Another critical practice is disabling auto-fill settings and browser password saving. 

2: I will always turn on multifactor authentication

No doubt, it can be annoying: You enter your username and password and think you’re good to go — then you have to deal with a second step follow-up email, call or text providing a one-time code. 

But a few extra seconds performing an additional task as part of multi-factor authentication (MFA) is far better than potentially releasing your credentials into the wild and putting yourself and your organization at risk. 

Microsoft research posits that enabling MFA can block 99.9% of account compromise attacks. 

“Compromising more than one authentication factor presents a significant challenge for attackers because knowing (or cracking) a password won’t be enough to gain access to a system,” Microsoft researchers write. 

Still, it’s just important to integrate MFA in a way that presents the least amount of friction, experts advise. For instance, implement it only when extra authentication will help protect sensitive data and critical systems. The use of pass-through authentication and single sign-on (SSO) tools will also reduce password fatigue.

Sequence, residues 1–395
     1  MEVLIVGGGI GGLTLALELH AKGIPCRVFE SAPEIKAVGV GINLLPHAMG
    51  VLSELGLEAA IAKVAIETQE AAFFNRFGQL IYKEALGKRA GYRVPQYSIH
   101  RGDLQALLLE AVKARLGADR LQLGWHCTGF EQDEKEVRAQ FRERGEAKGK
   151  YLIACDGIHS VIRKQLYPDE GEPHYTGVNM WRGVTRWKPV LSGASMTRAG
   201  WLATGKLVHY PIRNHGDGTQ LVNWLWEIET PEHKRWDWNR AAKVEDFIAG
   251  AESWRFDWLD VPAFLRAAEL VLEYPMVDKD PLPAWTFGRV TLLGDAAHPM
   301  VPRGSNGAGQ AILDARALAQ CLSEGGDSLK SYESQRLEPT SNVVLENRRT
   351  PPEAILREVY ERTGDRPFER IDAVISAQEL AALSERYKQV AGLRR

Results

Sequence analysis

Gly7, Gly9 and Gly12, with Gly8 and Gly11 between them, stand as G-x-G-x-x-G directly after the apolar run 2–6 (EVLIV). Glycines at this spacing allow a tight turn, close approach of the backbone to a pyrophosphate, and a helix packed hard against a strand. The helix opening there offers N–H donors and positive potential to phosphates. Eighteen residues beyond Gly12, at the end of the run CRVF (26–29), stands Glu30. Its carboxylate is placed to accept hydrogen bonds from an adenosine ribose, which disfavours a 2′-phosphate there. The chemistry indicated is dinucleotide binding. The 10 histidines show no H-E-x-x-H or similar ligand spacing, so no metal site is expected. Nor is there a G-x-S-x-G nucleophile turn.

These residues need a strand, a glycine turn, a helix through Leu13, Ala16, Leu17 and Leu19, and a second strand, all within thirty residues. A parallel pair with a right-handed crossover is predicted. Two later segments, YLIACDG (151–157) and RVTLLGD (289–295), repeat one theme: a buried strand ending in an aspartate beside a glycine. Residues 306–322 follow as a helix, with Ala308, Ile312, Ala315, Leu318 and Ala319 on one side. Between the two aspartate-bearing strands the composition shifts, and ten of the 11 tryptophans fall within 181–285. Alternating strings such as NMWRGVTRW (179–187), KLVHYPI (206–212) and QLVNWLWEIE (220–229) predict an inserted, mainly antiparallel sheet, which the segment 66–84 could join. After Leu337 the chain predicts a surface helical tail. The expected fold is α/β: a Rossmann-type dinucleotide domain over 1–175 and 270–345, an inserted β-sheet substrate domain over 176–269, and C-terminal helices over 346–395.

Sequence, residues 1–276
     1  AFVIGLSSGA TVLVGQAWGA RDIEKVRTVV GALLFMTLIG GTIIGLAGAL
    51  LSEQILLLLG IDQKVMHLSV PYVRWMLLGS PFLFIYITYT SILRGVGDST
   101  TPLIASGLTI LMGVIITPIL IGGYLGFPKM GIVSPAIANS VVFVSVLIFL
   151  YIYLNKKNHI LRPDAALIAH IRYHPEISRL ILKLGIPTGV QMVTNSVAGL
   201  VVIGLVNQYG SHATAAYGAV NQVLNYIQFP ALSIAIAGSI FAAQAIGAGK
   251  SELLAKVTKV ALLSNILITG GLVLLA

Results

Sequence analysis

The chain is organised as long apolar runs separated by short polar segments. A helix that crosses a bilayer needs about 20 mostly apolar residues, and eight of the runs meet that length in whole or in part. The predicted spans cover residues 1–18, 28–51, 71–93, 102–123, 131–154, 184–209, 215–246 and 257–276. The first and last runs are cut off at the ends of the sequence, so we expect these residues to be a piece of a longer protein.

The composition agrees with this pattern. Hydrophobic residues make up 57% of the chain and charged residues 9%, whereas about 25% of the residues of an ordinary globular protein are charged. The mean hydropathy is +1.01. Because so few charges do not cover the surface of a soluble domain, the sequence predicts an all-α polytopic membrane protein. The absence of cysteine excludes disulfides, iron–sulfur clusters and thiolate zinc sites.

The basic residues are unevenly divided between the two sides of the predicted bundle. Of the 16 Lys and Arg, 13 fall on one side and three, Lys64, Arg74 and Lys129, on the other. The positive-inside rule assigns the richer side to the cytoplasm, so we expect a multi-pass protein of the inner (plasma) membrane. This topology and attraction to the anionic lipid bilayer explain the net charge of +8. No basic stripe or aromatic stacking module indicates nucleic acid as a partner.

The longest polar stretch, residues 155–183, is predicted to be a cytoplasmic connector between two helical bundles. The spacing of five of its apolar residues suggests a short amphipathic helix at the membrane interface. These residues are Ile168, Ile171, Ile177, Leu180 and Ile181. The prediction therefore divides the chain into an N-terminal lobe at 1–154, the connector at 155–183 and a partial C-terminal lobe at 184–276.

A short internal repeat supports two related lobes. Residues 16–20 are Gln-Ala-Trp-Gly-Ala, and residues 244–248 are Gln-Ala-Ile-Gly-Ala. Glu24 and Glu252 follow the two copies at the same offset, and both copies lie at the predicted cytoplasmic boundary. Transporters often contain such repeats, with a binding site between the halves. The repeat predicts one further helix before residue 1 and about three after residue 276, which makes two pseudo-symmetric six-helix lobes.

Remember: MFA does not have to be challenging for end users. If it seems overly restrictive, employees are more likely to find workarounds that put the organization at greater risk (so-called “shadow IT”). 

3: I will avoid social engineering attacks

Even though it’s age-old in the cybersecurity world, phishing is still very much a thing.

Phishing remains so prevalent because it exploits human weakness and creates a false sense of urgency — the dire consequences of which can expose enterprises to ransomware attacks. 

An estimated 73% of organizations globally have been impacted by ransomware attacks as hackers step up (and diversify) their phishing tactics. Some evolving methods include: